WASHINGTON – A Redding, Calif., man was sentenced today in Sacramento, Calif., for one count of possession of child pornography and three violations of his supervised release conditions, Acting Assistant Attorney General of the Criminal Division Matthew Friedrich and U.S. Attorney for the Eastern District of California McGregor W. Scott announced.
Ron Sean Arter Jr., 29, was sentenced today by Judge Garland E. Burrell Jr. to 10 years in prison to be followed by 3 years of supervised release. Arter was convicted in 2002 of possession and transportation of child pornography in the Eastern District of California and sentenced to 33 months in prison. In 2004, Arter began a three-year term of supervised release, the conditions of which required Arter not to commit another criminal offense, possess pornographic material or use a computer to access the Internet. According to information contained in plea documents, while on supervised release in 2006, Arter was arrested in Redding after police discovered that he was using a concealed camera to film underneath the skirt of an 11-year-old girl. Information contained in the plea documents also revealed that Arter filmed underneath the skirts of other minor girls and adult women in the Redding area and that Arter secretly used his girlfriend’s laptop computer to download and possess child pornography from the Internet.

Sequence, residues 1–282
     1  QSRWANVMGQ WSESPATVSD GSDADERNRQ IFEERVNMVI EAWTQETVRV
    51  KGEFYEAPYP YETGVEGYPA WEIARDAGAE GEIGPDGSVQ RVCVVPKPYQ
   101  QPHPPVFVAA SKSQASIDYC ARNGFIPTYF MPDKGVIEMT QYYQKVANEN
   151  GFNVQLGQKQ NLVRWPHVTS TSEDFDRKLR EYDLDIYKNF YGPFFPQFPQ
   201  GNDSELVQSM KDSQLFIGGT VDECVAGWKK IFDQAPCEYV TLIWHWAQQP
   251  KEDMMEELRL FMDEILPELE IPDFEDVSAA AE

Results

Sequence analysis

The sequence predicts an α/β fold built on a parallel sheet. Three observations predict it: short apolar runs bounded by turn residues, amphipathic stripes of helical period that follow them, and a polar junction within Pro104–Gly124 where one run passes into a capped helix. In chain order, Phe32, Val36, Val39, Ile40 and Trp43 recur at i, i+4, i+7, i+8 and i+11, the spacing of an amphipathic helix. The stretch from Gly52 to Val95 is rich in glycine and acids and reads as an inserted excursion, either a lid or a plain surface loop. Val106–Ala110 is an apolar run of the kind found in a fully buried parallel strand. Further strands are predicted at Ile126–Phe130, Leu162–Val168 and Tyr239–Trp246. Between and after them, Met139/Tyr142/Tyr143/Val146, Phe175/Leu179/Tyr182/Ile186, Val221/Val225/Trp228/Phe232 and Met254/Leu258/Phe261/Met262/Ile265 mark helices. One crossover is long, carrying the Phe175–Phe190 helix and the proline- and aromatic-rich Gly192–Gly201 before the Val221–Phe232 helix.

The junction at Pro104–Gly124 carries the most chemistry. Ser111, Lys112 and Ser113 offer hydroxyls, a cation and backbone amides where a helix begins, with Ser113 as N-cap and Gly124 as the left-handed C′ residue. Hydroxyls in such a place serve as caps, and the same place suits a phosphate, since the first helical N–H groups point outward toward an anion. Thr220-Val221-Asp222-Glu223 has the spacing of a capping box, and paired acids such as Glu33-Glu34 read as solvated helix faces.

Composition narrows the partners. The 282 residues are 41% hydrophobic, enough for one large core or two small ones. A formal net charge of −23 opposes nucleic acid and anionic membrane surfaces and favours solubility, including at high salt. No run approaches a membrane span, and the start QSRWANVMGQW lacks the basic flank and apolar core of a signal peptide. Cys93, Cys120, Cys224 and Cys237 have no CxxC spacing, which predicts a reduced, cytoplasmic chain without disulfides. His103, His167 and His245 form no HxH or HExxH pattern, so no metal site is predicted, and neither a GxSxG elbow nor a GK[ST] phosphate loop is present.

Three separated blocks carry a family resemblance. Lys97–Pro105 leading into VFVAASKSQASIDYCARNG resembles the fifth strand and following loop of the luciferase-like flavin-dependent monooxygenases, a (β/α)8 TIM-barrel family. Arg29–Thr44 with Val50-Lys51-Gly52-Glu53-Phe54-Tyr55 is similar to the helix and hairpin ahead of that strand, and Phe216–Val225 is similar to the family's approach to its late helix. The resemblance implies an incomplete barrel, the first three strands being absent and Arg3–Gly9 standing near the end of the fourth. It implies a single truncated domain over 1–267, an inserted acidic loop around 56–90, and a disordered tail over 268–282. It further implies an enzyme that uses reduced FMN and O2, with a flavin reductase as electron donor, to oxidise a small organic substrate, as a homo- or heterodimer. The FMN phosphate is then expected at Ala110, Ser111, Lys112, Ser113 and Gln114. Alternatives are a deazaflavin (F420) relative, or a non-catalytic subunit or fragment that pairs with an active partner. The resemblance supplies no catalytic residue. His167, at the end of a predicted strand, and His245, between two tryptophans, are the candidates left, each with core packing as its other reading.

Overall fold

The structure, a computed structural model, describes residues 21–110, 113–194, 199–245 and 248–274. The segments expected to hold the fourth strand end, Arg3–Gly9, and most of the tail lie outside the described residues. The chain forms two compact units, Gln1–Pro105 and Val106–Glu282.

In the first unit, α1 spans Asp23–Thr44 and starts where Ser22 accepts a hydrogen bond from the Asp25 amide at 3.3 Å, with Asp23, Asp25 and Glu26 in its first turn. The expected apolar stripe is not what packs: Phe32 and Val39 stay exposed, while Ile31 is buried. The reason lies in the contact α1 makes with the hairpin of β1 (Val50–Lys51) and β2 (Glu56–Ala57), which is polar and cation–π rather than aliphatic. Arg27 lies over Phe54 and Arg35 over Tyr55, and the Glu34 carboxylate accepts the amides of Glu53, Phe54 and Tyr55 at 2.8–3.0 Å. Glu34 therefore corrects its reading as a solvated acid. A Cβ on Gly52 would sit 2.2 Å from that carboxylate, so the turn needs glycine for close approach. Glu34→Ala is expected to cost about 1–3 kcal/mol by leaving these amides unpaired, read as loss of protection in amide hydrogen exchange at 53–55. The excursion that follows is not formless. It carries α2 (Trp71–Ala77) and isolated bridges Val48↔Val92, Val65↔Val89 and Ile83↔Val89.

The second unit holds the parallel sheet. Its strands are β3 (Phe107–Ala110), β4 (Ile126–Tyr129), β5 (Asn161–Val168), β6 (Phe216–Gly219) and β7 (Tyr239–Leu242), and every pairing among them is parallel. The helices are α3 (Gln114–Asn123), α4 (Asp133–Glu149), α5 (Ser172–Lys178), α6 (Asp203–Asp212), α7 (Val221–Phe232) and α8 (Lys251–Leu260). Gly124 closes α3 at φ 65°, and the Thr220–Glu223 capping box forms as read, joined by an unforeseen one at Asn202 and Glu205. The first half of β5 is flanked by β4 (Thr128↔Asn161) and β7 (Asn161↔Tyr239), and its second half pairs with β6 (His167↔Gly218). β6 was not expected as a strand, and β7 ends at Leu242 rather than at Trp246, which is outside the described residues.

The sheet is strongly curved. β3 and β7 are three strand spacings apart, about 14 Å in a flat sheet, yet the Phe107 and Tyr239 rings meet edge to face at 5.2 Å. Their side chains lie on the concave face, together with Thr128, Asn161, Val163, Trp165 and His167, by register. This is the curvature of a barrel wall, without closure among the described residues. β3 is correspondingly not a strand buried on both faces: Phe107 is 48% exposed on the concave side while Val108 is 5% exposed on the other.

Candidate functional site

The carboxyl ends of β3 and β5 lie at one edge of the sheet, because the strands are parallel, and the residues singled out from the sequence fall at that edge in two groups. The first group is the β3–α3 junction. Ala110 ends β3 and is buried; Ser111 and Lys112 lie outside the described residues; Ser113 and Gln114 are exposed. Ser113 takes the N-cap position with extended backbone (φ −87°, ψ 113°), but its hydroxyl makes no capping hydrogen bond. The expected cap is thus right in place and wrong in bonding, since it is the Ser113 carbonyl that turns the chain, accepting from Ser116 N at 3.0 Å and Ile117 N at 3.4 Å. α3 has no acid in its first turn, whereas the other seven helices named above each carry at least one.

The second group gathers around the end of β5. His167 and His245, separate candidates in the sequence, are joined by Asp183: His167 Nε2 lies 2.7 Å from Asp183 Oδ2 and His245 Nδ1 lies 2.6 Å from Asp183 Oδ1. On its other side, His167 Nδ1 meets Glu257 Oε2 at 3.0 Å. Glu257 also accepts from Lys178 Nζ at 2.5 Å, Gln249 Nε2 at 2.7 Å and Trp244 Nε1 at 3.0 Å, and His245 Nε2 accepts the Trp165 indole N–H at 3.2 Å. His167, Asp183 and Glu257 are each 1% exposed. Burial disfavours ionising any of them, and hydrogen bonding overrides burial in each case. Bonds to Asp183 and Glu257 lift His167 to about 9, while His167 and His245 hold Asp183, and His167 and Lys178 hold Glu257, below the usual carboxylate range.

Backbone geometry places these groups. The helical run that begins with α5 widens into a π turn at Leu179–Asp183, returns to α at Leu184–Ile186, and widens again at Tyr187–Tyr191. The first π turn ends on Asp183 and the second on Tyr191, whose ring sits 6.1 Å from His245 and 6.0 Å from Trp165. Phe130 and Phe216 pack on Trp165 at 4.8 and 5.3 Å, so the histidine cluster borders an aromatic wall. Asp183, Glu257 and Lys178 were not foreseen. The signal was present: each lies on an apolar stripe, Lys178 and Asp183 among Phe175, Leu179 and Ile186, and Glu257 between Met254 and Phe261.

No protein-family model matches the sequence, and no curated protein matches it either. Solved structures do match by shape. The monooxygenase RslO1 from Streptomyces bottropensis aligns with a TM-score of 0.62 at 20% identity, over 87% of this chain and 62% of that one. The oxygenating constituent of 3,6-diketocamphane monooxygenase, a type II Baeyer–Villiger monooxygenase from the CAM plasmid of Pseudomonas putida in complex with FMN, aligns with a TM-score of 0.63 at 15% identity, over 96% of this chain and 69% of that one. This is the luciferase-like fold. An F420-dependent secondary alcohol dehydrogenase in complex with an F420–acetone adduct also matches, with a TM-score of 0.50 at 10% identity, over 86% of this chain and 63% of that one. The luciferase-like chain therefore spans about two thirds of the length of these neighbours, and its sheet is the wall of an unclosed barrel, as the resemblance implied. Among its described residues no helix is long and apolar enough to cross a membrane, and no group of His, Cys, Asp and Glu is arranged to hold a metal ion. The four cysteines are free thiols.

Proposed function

This case emerged out of Project Safe Childhood (PSC), a nationwide initiative designed to protect children from online exploitation and abuse. Led by the U.S. Attorneys’ Offices, PSC marshals federal, state and local resources to better locate, apprehend and prosecute individuals who exploit children via the Internet, as well as identify and rescue victims. For more information about PSC, please visit http://www.projectsafechildhood.gov.
The case was prosecuted by Assistant U.S. Attorney Camil A. Skipper of the U.S. Attorney’s Office for the Eastern District of California and Trial Attorney Bonnie L. Kane of the Criminal Division’s Child Exploitation and Obscenity Section (CEOS). The case was investigated by the Department of Homeland Security’s Bureau of Immigration and Customs Enforcement (ICE), CEOS's High Technology Investigative Unit and the Redding Police Department.